Posts Tagged ‘OS X’

Using multiple private keys with SSH

Friday, July 23rd, 2010

A couple of days ago I posted on how to set up a subversion server with ssh access. In that post, in the section about creating your private ssh key I said that if you already had an id_rsa or id_dsa file in your ~/.ssh directory not to go any further because the generation of a new private key file could over write it. This post explains how to cope with multiple private keys.

ssh uses ~/.ssh/identity as the default filename for the private key when using version 1 of the ssh protocol and it uses ~/.ssh/id_rsa and ~/.ssh/id_dsa as the default filenames for the RSA and DSA private keys when using version 2 of the ssh protocol. However there are several ways of changing this behaviour.

Command line

ssh allows you to provide a different identity/id file using the -i option on the ssh command line as follows:

$ ssh -i /path/to/id_rsa user@some.domain.org

Where id_rsa can be substituted with id_dsa or identity.

This is the simplest method. And when used in conjunction with a subversion client you can create a [tunnel] in the subversion configuration file like so:

[general]
ssh = ssh -i /path/to/identity_file

If you want to support different identity/id files create a new [tunnel] ‘alias’ for each identity file. You can also use the -p option if you want to specify a different port at the same time.

Config file – first method

Another method is to use the ssh config file. The global file is found in /etc/ssh/config however you can also provide config files on a per user basic in ~/.ssh. In the config file you can restrict declarations using the Host declaration. Per the man page:

Host
   Restricts the following declarations (up to the next Host 
   keyword) to be only for those hosts that match one of the 
   patterns given after the keyword.  If more than one pattern 
   is provided, they should be separated by whitespace.  A 
   single `*' as a pattern can be used to provide global defaults 
   for all hosts.  The host is the hostname argument given on 
   the command line (i.e. the name is not converted to a 
   canonicalized host name before matching).

The declaration IdentityFile allows you to specify the private key file that ssh should use. By using Host and IdentityFile you can let ssh pick the identity/id file itself based upon the host name. The following example will pick ~/.ssh/id_dsa for any host other than my.specific.host.org and my.other.host.com. In those cases the specified private key files are used.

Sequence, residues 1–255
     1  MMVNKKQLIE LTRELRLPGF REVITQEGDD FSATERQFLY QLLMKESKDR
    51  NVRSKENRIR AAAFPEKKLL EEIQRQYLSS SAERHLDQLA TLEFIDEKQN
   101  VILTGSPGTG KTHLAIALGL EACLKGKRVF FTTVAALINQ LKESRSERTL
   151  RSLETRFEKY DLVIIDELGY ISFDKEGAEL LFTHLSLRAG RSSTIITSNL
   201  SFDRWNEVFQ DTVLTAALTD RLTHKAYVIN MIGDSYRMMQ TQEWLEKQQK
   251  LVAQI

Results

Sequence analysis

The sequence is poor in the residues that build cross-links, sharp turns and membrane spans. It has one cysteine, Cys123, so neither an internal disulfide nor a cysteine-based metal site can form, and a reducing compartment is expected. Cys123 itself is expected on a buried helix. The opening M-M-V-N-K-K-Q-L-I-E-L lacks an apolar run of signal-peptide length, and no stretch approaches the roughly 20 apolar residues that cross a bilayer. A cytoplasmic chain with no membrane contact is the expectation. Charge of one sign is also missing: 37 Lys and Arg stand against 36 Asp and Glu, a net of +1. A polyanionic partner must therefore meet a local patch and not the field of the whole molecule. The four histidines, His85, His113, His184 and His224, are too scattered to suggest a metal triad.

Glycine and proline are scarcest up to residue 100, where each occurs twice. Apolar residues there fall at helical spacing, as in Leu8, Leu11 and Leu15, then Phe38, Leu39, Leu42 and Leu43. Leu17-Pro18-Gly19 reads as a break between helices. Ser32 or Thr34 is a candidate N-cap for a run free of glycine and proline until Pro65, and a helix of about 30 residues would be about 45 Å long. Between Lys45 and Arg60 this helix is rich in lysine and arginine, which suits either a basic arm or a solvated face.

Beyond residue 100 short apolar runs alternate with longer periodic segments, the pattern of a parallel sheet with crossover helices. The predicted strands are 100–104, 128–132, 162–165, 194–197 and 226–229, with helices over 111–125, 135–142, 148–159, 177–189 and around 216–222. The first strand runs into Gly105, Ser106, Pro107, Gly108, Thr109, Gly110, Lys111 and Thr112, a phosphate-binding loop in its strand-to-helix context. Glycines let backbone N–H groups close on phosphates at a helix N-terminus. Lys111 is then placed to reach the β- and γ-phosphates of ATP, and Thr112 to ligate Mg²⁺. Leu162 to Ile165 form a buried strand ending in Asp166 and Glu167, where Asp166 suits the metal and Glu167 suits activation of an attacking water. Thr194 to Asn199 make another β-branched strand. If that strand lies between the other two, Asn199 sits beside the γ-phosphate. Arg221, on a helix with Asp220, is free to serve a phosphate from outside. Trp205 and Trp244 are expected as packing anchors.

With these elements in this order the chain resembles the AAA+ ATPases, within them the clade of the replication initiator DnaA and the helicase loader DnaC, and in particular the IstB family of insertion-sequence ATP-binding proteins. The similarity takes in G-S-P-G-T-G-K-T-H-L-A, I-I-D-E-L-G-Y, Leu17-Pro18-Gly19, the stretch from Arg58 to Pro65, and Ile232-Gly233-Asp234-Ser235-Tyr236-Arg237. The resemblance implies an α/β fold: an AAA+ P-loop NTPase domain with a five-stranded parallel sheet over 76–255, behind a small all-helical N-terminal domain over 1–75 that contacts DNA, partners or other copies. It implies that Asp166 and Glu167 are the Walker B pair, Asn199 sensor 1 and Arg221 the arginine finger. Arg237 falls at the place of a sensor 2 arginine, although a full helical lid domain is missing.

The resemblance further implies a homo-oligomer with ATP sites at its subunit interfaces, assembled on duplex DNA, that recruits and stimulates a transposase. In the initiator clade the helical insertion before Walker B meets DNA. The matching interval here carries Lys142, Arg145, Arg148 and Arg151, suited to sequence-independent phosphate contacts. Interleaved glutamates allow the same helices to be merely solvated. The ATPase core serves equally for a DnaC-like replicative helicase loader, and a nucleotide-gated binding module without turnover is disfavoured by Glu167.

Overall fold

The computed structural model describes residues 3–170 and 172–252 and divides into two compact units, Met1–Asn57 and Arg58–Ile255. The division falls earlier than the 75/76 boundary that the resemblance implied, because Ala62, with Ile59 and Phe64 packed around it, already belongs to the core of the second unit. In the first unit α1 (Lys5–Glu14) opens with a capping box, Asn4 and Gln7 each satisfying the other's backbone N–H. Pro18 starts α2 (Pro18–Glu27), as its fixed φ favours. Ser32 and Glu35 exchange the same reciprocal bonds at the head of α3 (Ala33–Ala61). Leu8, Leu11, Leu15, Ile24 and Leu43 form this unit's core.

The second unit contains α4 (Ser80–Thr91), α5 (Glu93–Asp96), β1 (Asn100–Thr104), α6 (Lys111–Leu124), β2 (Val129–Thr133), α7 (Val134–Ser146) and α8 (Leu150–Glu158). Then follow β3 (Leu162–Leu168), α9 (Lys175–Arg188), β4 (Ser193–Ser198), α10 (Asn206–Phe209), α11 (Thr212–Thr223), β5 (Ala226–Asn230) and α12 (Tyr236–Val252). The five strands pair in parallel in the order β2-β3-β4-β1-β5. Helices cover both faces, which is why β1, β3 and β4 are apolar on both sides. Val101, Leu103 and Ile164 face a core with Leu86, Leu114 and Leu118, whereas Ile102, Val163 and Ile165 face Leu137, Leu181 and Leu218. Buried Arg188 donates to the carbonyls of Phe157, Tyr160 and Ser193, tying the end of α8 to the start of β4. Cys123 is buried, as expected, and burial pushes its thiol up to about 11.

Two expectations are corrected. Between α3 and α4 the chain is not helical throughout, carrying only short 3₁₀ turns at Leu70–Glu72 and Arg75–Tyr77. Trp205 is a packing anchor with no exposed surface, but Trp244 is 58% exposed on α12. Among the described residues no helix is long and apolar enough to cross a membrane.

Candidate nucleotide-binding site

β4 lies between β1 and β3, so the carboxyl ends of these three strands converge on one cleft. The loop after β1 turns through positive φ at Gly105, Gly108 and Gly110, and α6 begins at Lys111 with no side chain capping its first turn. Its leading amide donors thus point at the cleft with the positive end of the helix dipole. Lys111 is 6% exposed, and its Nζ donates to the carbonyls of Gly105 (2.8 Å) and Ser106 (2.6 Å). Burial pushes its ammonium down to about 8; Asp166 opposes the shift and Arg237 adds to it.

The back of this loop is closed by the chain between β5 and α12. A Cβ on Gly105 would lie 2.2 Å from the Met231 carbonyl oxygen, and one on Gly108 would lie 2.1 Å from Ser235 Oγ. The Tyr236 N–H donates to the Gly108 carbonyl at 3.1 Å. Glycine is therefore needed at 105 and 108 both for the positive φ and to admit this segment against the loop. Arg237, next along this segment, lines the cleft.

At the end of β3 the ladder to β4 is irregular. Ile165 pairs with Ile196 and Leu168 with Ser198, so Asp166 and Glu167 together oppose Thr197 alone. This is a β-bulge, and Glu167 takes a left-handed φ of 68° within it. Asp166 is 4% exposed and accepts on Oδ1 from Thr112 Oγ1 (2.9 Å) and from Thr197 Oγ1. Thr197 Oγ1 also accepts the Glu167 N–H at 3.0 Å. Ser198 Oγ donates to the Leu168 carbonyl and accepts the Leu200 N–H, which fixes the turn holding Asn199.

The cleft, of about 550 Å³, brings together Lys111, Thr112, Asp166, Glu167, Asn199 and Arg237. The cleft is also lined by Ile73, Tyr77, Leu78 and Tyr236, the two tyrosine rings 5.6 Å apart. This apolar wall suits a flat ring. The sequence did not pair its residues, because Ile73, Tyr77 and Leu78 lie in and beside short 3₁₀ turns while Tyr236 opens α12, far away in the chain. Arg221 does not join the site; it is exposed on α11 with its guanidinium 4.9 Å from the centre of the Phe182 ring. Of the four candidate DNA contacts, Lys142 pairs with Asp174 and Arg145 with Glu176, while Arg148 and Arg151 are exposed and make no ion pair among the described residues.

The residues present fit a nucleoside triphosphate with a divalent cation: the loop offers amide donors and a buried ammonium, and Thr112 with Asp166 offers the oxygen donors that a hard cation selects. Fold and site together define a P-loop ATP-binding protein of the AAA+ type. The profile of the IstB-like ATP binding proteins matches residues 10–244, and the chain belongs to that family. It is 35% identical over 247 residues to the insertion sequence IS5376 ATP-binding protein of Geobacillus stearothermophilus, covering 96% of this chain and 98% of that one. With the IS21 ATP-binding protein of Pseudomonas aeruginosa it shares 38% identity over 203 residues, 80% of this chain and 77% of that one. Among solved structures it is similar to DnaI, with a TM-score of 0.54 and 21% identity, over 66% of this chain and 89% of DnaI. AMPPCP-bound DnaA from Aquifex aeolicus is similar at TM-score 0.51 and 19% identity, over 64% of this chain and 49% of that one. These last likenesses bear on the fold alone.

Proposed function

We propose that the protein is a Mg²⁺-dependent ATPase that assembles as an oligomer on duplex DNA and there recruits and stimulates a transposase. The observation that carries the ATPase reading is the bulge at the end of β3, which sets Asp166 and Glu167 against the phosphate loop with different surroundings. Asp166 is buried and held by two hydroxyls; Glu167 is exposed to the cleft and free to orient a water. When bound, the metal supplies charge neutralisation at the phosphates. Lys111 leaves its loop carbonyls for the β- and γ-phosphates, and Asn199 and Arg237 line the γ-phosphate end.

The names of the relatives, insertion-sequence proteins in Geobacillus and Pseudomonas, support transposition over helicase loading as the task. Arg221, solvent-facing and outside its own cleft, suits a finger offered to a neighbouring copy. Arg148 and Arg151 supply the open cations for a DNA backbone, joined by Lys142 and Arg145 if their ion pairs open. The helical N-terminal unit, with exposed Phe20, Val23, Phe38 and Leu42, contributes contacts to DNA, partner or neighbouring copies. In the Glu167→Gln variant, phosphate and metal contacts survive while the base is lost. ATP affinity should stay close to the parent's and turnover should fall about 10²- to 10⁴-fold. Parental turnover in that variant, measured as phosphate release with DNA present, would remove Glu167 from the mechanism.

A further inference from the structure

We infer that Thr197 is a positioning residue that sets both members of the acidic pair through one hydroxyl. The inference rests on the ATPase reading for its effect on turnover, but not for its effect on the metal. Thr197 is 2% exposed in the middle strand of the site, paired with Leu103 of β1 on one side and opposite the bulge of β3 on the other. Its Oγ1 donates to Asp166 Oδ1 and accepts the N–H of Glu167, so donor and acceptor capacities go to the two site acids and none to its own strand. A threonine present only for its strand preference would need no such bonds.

# General settings
IdentityFile ~/.ssh/id_rsa
IdentifyFile ~/.ssh/id_dsa
IdentityFile ~/.ssh/identity

Host my.specific.host.org
IdentityFile ~/.ssh/my_specific_key_file

Host my.other.host.com
IdentityFile ~/.ssh/my_other_key_file

Note how the config file allows you to specify more than one file at once. When you do ssh will try each of the files in turn or as appropriate.

Config file – second method

The problem with the above method is that you have to keep adding new entries to the config file for new hosts. IdentityFile is actually very powerful and allows you to have wild cards in the path specification. The full man page definition says:

IdentityFile
   Specifies a file from which the user's RSA or DSA 
   authentication identity is read.  The default is ~/.ssh/identity 
   for protocol version 1, and ~/.ssh/id_rsa and ~/.ssh/id_dsa 
   for protocol version 2. Additionally, any identities 
   represented by the authentication agent will be used for 
   authentication.

   The file name may use the tilde syntax to refer to a user's 
   home directory or one of the following escape characters: 
   `%d' (local user's home directory), `%u' (local user name), 
    `%l' (local host name), `%h' (remote host name) or `%r' 
   (remote user name).

   It is possible to have multiple identity files specified in 
   configuration files; all these identities will be tried in 
   sequence.

So I have set up my config file as below. It basically tries ~/.ssh/idents/hostname/username/id_* first, then ~/.ssh/idents/hostname/id_*, then the defaults before giving up.

# SSH config file

IdentityFile ~/.ssh/idents/%h/%u/id_rsa
IdentityFile ~/.ssh/idents/%h/%u/id_dsa
IdentityFile ~/.ssh/idents/%h/id_rsa
IdentityFile ~/.ssh/idents/%h/id_dsa
IdentityFile ~/.ssh/id_rsa
IdentityFile ~/.ssh/id_dsa

This allows me to support a new server/key file combination just by putting the key file in the appropriate place in the ~/.ssh without having to edit config files.